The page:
Fraud, identity theft and other types of scams can happen anywhere – at your mailbox or recycle bin, by email or over the phone. Currently, fraud-related offences are on the rise, and in Canada they may be as profitable as drug-related crime. The RCMP Commercial Crime Branch estimates between $10 and $30 billion is made through fraud per year.
Identity theft is when someone steals your name and other personal information. With identity theft, your information is used to fraudulently access your financial accounts, open new accounts or apply for loans or credit cards. Identity thieves will often use a variety of activities to target your physical mail as well as email accounts.
Here are some tips to help protect your privacy and minimize the risk of identity theft:
1. Pick-up physical mail as soon as possible after delivery.
Never leave it overnight in the mailbox.
2. Protect your personal information.
Shred sensitive documents, including anything with your name and address on it. If you receive digital bills, ensure you regularly empty your delete box.
3. Away from home? Avoid mail and other deliveries from piling up at your front door.
Arrange for someone to pick up your mail or use Canada Post’s Hold Mail service to ensure your mail is held safely until you return.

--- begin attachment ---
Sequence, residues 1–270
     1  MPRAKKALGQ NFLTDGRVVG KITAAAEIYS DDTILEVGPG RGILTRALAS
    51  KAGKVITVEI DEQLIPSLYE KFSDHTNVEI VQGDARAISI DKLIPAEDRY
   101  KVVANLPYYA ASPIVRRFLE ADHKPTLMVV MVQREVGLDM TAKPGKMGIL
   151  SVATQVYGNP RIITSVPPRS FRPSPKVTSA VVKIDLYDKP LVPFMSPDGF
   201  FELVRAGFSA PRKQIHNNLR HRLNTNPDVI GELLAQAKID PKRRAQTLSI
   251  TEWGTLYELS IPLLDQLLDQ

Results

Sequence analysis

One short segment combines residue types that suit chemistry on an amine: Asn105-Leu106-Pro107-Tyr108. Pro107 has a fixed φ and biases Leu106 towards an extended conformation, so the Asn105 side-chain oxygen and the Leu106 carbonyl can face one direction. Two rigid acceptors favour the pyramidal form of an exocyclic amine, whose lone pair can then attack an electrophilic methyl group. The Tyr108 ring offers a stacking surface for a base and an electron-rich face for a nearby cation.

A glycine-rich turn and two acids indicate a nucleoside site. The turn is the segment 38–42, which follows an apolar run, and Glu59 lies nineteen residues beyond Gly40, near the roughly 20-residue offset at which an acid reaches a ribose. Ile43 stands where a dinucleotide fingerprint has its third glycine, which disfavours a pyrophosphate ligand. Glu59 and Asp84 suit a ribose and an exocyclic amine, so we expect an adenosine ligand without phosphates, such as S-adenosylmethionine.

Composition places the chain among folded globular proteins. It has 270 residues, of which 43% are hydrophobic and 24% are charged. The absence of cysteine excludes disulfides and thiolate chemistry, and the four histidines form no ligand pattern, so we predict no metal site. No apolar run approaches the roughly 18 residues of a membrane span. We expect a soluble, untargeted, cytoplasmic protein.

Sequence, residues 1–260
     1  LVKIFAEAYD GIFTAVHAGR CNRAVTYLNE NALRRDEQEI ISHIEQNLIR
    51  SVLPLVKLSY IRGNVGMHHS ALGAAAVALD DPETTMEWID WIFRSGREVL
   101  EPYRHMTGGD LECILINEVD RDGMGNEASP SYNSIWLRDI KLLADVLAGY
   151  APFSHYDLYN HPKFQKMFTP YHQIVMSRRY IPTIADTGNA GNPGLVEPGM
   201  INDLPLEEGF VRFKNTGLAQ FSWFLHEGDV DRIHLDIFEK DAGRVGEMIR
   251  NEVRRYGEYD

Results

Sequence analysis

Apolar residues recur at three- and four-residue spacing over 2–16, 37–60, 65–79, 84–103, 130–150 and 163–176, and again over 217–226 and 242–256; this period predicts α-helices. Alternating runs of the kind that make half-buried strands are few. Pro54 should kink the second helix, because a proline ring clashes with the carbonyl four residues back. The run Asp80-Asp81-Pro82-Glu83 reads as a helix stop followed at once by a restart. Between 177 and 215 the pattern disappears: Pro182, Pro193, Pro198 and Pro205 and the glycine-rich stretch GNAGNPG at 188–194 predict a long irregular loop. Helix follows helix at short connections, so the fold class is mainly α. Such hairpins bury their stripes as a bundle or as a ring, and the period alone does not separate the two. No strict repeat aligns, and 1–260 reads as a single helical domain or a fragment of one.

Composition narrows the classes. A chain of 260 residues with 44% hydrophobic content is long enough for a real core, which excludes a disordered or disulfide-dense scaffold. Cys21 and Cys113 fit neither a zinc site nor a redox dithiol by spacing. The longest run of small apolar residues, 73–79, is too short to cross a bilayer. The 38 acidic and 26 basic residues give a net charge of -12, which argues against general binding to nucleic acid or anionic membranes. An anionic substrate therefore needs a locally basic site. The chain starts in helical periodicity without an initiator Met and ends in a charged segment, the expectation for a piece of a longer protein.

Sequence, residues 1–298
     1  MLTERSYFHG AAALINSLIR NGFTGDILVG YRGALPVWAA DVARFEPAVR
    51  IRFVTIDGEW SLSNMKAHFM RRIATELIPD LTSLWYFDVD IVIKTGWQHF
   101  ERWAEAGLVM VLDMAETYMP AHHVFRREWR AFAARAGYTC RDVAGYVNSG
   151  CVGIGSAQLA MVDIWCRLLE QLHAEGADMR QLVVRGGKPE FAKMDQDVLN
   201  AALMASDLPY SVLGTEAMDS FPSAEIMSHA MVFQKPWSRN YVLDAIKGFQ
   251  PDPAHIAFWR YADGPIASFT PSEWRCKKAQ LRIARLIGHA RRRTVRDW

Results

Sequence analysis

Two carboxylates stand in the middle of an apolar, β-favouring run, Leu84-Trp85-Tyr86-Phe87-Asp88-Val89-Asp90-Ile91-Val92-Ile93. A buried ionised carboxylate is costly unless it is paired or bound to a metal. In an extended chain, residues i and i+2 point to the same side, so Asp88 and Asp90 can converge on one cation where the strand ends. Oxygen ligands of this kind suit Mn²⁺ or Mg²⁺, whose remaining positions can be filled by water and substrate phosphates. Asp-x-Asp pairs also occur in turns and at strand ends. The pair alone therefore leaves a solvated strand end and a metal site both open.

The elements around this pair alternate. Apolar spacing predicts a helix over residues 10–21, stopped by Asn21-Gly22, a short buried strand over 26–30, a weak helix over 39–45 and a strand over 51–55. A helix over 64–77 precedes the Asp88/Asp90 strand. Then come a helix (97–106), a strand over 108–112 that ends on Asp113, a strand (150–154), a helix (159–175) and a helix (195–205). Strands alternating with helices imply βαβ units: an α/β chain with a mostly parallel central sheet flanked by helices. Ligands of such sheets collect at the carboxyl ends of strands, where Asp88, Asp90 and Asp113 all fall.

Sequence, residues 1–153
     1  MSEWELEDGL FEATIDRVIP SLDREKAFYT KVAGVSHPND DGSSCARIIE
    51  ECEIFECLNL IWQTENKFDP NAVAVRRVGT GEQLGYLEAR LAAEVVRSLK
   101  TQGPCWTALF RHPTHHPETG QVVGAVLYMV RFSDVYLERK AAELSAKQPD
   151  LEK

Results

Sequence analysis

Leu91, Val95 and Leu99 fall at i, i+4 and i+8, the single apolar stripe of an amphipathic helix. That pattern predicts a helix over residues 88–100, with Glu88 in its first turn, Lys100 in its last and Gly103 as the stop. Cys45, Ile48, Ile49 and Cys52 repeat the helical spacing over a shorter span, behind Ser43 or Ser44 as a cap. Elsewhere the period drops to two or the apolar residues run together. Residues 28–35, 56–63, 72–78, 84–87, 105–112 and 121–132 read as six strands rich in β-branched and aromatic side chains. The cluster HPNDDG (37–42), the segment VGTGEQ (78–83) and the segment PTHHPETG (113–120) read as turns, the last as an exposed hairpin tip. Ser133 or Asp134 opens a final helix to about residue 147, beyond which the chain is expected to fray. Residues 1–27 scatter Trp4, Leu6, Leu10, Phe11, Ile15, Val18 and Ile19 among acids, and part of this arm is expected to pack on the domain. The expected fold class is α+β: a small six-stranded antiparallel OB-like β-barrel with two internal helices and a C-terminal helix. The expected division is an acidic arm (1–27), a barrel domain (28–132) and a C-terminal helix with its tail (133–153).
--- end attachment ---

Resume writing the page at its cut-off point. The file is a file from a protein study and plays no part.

4. Go paperless.
Receive, store and manage your bills and statements electronically. TheepostTM digital mailbox service lets you store your financial documents with bank-grade security. You can also use epost’s Vault to store important personal information such as passwords, tax documents and medical history.
5. Be aware of billing cycles.
If your bills or statement don’t arrive at their usual time, follow up immediately to ensure they haven’t been fraudulently redirected.
6. Protect your PINs and passwords.
Change them regularly, never share your passwords and use different passwords for multiple accounts.
7. Beware if suspicious sources ask you for personal information.
Identity thieves deploy various elaborate strategies to obtain this type of data.
8. Contact Canada Post if you’re receiving mail at your address in other people’s name.
Finally, remember that if you receive an offer that sounds too good to be true – it probably is!
Report any suspicious activity to police.